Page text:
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Real estate professionals are generally optimistic about the coming year, even as many are still bracing for and worried about a pandemic with no end insight.
That’s according to Inman’s latest agent appreciation survey, which ran all week and ultimately generated hundreds of responses from industry professionals. Probably the biggest single takeaway from the survey was that agents are upbeat about their prospects in 2022; when asked about their sentiments, a majority, or 52 percent, indicated they are “cautiously optimistic.”
Another 31 percent said they were “very optimistic” about the coming year.
By contrast, only 7 percent of respondents indicated they were either “somewhat pessimistic” or “very pessimistic.”
The relative optimism of the survey respondents is probably due to a couple of big factors. First, a vast majority of respondents, or 64 percent, indicated that they expect a seller’s market to weaken somewhat over the coming year, but ultimately continue. Another 27 percent said they foresee a “strong seller’s market” continuing. All told, this means more than 90 percent of respondents envision strong demand continuing over the coming 12 months.
And second, the current amount of optimism is also probably a result of many agents doing particularly well in 2021. Indeed, 45 percent of respondents indicated 2021 was either their best year, or one of their best years, ever. Another 15 percent indicated 2021 was “somewhat better than normal.”
It’s worth noting, however, that a full fifth of respondents, or 20 percent, also indicated that 2021 was slower than normal.
This survey wasn’t scientific and it elicited responses from a self-selecting group of Inman readers, but it’s still notable that there is a contingent of industry members who are apparently struggling to thrive during the chaos of the coronavirus pandemic. These findings support anecdotal commentary that often gets shared at industry gatherings such as Inman Connect indicating experienced agents are possibly pulling ahead even as less experienced agents face some headwinds while getting their foothold in the business.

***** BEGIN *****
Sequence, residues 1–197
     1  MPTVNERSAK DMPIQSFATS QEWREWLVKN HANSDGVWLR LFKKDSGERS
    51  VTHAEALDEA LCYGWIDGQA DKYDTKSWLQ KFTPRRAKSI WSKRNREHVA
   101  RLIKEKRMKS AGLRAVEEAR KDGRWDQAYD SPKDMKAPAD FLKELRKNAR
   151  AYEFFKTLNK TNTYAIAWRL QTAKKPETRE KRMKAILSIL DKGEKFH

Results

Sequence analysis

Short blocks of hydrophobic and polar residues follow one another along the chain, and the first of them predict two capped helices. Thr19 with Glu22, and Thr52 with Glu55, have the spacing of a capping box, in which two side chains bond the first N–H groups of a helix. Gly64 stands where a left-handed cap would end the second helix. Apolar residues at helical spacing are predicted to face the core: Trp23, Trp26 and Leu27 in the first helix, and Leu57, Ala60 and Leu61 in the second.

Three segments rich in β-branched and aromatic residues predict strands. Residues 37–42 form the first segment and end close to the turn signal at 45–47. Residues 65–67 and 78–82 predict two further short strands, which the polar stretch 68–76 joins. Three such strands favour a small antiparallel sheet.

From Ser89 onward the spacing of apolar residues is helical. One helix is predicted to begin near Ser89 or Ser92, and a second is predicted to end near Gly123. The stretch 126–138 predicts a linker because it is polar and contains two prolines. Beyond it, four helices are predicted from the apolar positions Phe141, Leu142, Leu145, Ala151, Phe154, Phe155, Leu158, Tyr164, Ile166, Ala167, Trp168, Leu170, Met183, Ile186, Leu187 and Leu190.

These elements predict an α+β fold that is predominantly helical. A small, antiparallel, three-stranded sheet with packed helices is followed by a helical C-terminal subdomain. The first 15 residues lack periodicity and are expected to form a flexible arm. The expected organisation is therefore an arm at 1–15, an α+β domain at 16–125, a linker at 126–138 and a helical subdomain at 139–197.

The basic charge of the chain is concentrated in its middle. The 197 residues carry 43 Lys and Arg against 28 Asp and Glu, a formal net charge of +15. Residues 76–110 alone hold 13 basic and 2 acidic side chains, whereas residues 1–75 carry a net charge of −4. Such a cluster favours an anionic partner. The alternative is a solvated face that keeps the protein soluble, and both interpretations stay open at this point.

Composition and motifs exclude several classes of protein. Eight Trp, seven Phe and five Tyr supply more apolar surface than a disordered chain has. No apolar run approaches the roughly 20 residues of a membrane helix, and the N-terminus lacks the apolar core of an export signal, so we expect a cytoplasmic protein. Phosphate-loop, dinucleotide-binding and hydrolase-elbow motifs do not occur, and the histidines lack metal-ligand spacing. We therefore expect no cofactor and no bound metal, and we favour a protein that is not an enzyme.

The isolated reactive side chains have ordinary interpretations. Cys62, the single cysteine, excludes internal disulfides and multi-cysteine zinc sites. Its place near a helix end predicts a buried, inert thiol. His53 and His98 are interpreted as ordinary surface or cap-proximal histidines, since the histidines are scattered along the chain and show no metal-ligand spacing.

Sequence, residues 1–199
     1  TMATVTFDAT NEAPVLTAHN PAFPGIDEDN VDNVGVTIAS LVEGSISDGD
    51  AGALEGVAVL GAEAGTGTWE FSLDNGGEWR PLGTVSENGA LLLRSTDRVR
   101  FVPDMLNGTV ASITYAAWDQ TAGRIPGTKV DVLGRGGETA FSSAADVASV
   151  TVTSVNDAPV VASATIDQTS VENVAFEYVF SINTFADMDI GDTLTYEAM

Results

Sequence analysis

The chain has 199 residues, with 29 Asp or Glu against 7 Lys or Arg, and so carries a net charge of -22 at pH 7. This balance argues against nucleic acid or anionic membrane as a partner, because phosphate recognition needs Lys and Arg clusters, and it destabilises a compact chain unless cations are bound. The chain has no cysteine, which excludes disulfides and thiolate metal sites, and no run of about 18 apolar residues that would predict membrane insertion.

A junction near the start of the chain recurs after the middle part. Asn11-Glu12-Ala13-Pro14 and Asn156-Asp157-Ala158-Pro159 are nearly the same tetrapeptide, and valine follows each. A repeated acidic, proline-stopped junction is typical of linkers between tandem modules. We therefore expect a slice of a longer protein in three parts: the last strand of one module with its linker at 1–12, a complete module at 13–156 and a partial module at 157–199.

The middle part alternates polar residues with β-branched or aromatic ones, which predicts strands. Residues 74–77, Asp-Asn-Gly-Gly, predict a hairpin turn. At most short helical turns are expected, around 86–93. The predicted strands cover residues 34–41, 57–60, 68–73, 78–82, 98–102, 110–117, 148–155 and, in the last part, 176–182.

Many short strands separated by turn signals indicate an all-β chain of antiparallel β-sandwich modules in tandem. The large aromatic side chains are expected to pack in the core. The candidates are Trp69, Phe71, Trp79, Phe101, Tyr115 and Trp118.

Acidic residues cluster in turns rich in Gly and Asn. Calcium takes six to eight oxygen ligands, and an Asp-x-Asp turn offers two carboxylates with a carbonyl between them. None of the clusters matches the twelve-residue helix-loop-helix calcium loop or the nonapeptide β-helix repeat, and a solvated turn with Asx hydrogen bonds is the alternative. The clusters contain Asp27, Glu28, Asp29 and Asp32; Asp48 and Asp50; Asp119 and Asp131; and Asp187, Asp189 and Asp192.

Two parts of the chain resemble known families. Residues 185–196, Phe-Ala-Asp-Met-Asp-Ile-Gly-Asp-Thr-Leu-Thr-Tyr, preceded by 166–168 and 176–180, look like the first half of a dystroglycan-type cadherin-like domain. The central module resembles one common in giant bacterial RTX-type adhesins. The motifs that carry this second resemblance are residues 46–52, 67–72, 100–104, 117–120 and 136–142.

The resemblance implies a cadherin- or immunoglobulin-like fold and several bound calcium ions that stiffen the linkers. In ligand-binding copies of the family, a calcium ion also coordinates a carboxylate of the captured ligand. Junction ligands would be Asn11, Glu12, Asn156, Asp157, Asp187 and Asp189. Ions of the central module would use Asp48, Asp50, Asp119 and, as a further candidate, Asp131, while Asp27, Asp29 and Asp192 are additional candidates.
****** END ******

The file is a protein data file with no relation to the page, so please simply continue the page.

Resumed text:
For those agents who are succeeding, though, this is a lucrative moment; 84 percent of respondents said their primary source of income in 2021 came from sales commissions, and 47 percent indicated they made $200,000 or more. Another 16 percent earned between $150,000 and $200,000, while 12 percent took home between $100,000 and $150,000.
Significantly, when Inman asked a similar question in a survey last year, only 35 percent of respondents indicated they made more than $200,000 in 2020, hinting that more agents may have made more money in 2021.
Beyond income and general optimism, the survey also included a number of other positive findings for the housing business. Asked about consumers, for example, 43 percent of respondents indicated that their clients are also “cautiously optimistic” about the coming year in real estate.